Benzene or Palm Oil? The changing procurement dynamics in the detergent market
A major churn is happening in the detergents market. And it's got everything to do with a key ingredient without which washing powder and liquids, as we know them, won't exist.
There is no one type of this key ingredient; rather this particular ingredient can take many shapes and forms. Well, enough of beating around the bush.
Linear Alkylbenzene Sulfonate (LAS) is a type of ingredient that has been the darling of the detergents industry for the past 50 years. What precisely does LAS do? Simply put, LAS removes dirt and stain from your clothes.
The world of chemicals is a one of strict hierarchies. A particular chemical, for example, is always produced from another and very rarely they switch places in the value chain.
In the same spirit of hierarchy, LAS is produced from benzene, a petrochemical feedstock. This means LAS cannot precede benzene; instead it's the benzene that always begets LAS.
Owing to intricate hierarchical dependencies in the world of chemicals, category managers often have to bear the brunt of price volatility. How are they two related? Let us explore.
Production of LAS is dependent on the availability of benzene, which in turn is dependent on other feedstocks for its own conception. Now price of benzene is a function of its demand and supply as well as the price of its own feedstock. And any price disruption at the top of the pyramid ricochets across the entire value chain.
Lately, petrochemical feedstocks in general and benzene in particular are experiencing price volatility. And this is causing turbulence for category managers who are in charge of procuring LAS.
Besides price volatility, there is an increasing awareness to use "green chemicals" as opposed to those that are produced from hydrocarbon feedstocks. This is also affecting the LAS market.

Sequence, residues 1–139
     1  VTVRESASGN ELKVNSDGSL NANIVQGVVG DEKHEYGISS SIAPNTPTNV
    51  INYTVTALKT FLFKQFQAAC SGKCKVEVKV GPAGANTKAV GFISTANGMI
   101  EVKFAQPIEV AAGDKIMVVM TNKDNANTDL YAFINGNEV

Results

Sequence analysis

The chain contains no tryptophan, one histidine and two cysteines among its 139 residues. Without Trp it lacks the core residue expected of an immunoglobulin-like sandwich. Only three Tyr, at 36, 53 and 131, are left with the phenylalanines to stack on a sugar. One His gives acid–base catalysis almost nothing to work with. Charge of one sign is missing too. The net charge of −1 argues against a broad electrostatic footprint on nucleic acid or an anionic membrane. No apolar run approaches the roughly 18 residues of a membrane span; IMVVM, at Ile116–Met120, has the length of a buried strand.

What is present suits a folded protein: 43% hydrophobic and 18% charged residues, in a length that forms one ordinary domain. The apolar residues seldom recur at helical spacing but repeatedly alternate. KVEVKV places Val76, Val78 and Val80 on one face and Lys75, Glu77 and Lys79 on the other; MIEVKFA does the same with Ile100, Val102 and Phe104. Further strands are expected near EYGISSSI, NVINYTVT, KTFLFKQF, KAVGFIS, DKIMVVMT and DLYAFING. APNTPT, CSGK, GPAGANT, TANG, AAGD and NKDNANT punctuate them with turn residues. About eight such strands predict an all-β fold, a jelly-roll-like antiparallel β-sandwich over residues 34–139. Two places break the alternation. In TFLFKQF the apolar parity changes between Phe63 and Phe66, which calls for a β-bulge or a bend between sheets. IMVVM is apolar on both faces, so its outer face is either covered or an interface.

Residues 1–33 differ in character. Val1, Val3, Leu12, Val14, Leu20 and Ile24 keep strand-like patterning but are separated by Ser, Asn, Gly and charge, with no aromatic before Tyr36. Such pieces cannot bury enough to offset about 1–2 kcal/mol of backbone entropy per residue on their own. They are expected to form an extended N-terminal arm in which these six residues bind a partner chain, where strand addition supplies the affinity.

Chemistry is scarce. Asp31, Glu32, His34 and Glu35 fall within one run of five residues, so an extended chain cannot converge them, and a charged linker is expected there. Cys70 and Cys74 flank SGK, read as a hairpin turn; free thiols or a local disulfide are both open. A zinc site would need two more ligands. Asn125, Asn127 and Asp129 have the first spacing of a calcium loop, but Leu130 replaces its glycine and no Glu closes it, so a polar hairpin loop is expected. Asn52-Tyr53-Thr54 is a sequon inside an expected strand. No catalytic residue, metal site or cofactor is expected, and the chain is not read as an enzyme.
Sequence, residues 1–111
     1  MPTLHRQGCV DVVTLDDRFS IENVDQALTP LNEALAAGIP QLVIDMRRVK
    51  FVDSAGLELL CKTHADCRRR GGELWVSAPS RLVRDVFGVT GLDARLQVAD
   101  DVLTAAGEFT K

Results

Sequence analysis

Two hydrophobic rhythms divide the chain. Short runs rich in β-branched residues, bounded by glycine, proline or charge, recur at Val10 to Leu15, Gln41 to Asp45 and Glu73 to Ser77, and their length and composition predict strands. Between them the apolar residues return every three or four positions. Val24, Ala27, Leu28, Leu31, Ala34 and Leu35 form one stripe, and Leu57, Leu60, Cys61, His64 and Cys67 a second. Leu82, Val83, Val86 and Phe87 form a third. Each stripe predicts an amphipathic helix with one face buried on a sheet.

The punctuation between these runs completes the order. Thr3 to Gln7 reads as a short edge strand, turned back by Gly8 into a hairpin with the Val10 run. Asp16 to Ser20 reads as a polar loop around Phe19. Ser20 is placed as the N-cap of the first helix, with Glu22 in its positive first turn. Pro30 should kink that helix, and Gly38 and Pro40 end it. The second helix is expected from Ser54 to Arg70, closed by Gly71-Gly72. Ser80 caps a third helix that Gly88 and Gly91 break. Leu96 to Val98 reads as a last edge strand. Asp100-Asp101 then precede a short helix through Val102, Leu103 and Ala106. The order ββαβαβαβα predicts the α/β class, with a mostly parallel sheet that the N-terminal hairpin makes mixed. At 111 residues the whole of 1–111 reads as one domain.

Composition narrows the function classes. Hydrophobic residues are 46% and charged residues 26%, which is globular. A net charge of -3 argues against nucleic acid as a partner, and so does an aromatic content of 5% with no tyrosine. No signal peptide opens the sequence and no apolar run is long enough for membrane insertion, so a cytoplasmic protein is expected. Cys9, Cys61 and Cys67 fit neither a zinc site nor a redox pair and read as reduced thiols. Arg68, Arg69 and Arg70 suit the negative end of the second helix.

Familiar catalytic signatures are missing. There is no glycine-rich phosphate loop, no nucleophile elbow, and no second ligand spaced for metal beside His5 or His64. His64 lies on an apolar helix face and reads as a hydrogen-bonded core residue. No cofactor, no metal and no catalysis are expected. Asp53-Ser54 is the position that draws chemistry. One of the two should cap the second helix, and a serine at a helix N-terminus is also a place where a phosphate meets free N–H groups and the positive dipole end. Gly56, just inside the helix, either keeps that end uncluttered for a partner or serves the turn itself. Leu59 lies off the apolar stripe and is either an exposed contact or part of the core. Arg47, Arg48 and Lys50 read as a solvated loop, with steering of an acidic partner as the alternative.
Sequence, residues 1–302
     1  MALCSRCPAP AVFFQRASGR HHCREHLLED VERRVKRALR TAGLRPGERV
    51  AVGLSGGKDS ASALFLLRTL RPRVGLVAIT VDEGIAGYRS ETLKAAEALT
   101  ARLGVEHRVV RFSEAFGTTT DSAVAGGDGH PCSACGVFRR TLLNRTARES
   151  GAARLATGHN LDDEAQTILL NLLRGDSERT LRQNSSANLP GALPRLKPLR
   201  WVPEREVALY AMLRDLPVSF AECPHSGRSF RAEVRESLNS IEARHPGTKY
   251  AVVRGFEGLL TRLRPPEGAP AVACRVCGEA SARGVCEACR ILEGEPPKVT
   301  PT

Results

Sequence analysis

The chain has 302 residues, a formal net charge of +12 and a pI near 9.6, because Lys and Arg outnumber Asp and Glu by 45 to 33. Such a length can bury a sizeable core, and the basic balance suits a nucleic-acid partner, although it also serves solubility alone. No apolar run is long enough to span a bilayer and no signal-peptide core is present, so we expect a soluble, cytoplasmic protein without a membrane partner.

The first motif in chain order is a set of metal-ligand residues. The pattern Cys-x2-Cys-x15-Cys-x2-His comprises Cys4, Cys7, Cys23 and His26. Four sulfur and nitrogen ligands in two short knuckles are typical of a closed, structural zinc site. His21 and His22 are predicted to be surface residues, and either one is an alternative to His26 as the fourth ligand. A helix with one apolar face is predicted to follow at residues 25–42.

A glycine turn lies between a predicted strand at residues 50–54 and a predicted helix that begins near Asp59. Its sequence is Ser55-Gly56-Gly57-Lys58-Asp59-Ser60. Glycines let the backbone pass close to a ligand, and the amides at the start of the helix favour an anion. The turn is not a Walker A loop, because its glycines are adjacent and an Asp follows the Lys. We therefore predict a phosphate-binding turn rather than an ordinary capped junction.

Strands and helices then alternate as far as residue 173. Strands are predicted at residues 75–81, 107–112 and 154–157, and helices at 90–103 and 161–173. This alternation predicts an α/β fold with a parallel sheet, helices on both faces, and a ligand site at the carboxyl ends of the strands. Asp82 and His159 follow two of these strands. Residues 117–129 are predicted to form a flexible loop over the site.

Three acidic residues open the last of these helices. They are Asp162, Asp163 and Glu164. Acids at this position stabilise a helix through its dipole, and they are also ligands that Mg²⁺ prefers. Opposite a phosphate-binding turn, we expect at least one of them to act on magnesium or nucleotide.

"Green chemicals" are those that are produced out of plant- or animal-based feedstocks and are known as oleochemicals. In this category, there are alternatives for LAS such as Alcohol Sulfate/Alcohol Ether Sulfate (AS/AES), Fatty Alcohol Ethoxylate (FAE) and Methyl Ester Sulfonate (MES) -- stain removing oleochemical molecules that are produced out of palm/palm kernel oil and other plant-based feedstocks.
Though LAS accounts for 32 percent of the share of the global surfactants market, there is still potential for companies to go for oleochemical-based substitutes. Planning for such substitutions can effectively ring-fence category managers from price and supply volatility.
During the Webinar scheduled for Oct. 15, Beroe analyst Pushan Pal, Anionic Surfactants Expert, will spell out why large consumer goods companies should not adopt a "one size fits all" approach when it comes to procuring surfactants.
In other words, Pal advocates that companies should not fully opt for either LAS or other oleochemical molecules across the globe. For example, it won't be advisable for a company to use LAS across the globe; instead it can go in for LAS in region A and oleochemical molecules in region B. Of course, there are a number of factors that decides which type of ingredient should be used in a particular region. And such insights will help category managers in making the right procurement decision.
How effective are oleo-based molecules compared to LAS in detergent applications?
Which region(s) are suitable for oleo-based molecules?
Future supply- demand scenario for palm kernel oil
How switching to oleo-based alternatives will help companies to tackle rising cost of petrochemical raw materials?
What should be the procurement strategy of detergent manufacturers in selecting LAS vis-A -vis oleo-based alternatives for different regions across the globe?
To watch the discussion, please click here
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